Monday, December 14, 2009

Bread - should it be prescribed?

Remember the old expression 'I wouldn't know him from a loaf of bread'? That was in the days when you went down to the corner store and selected either a white loaf or a wholemeal loaf. Nowadays though, you should use that expression with caution. They may well come up with a loaf that closely resembles the person in question - perhaps even shares their DNA!

Supermarkets have whole aisles dedicated to loaves of bread. The choice is made even more bewildering by the potential impact of various ingredients on one's health - - barley, wheat, corn, sunflower seeds, olives, raisins, orange peels, dried apricot, cornflour, salt, sugar, saturated fat, unsaturated fat, sesame seeds, poppy seeds, wheatgerm, rye, flour and Preservatives numbered from 001 to 999. And to top it all off, you have to decide whether you want no GI, low GI, just GI or high GI. Perhaps they'll soon have bread by prescription!

I'm sure its just an oversight on the part of bread marketers and packagers that the information overload and the anxiety it causes in the bread aisle already overwhelm any health benefit that might derive from loaves of bread suffused with a mix of high-powered vitamins and minerals.

But surely I have a preferred brand. You know what? I'd like to list bread brands, but none come to mind. They're just absent from the part of the cerebrum where they're supposed to be. I'm so jerked around by ingredients, relative freshness (just baked or half-baked), size of slices (believe it or not, some slices are bigger than a toaster slot) and GI's relationship with hyperactivity that I cannot possibly remember what brand consistently meets all my purchase criteria. What are my purchase criteria? Fresh with a bit of grittiness. Why don't they have a sign saying something like that?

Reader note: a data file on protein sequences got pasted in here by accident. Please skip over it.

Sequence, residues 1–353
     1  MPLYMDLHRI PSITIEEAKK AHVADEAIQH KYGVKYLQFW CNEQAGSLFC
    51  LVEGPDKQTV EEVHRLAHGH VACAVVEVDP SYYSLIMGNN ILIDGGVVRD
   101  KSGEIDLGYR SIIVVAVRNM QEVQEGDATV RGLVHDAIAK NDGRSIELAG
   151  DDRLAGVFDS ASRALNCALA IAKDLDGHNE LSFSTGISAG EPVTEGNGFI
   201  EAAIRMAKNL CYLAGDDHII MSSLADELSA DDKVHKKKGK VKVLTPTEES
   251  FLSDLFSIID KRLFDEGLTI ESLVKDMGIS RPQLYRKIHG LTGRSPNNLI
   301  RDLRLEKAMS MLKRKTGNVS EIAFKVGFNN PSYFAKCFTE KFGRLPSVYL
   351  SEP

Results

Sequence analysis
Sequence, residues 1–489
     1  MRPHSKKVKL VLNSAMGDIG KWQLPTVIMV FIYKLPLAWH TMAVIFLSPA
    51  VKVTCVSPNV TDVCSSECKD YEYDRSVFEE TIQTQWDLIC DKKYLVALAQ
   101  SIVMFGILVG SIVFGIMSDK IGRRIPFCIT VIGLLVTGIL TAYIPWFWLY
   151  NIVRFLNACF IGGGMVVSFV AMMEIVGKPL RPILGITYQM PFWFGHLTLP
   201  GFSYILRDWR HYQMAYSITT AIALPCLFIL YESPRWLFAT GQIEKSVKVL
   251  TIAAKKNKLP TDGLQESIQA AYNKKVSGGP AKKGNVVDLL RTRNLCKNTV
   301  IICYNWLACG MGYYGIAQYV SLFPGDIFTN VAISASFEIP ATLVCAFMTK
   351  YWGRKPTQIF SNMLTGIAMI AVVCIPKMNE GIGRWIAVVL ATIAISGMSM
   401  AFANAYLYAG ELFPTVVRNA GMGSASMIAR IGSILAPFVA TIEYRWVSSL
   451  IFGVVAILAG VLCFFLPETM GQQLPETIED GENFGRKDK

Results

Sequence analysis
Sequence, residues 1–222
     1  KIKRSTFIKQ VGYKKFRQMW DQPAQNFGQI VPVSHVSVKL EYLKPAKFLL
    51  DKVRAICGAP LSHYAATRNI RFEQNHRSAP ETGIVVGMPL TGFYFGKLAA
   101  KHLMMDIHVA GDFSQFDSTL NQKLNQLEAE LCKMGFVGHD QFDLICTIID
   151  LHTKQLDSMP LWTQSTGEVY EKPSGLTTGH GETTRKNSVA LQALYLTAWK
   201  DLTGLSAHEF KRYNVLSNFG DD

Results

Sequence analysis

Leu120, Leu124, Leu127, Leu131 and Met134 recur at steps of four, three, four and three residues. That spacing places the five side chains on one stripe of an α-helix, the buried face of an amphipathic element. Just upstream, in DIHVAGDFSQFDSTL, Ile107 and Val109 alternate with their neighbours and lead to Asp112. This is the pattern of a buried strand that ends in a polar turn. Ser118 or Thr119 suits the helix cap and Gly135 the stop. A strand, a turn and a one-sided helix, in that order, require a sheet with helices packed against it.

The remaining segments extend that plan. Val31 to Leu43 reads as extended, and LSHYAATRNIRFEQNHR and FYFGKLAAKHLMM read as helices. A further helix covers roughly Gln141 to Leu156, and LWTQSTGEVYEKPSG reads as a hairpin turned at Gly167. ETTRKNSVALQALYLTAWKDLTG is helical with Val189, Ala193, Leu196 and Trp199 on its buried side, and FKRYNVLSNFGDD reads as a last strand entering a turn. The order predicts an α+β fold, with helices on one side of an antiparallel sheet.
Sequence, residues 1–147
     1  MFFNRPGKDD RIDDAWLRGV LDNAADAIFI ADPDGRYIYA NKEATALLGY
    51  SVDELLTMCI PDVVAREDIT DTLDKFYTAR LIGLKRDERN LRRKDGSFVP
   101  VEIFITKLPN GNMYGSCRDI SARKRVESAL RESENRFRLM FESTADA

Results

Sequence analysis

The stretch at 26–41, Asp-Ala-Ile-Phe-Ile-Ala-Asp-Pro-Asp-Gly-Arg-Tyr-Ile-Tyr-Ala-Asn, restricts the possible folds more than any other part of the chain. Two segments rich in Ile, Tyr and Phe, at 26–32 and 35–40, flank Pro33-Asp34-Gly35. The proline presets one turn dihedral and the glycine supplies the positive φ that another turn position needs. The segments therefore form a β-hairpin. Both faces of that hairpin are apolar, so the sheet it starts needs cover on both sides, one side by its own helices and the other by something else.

I'd love to know what the unprompted brand recall figures are for bread. Anything more than 1% would have to be a major achievement, because the advertising certainly doesn't help. Bread ads are all the same. Pictures of bakers too happy to be working at 4 a.m., people putting stuff into toasty looking ovens, mentions of abbotts making bread in traditional ways and Mums packing lunches (or are they ads for spreads?). No matter how you slice it, bread marketing has no cut-through that I can see. I reckon someone could make much more dough from one decent ad.

I'm seriously happy to be challenged on these views because I have crossed bread marketing off my 'to do' list. Come to think of it, there's a whole bunch of supermarket things that have this problem - frozen peas and carrots, fish fingers, taco sauce, apple juice. You don't feel any stirring in the groin over any brands in these segments - which brings to mind another undifferentiated category, nuts.

Apologies to all those who invest millions in marketing these things. By writing this I may have justified your suspicions. Middle-aged, once-a-month, male supermarket shoppers are not your prime target.

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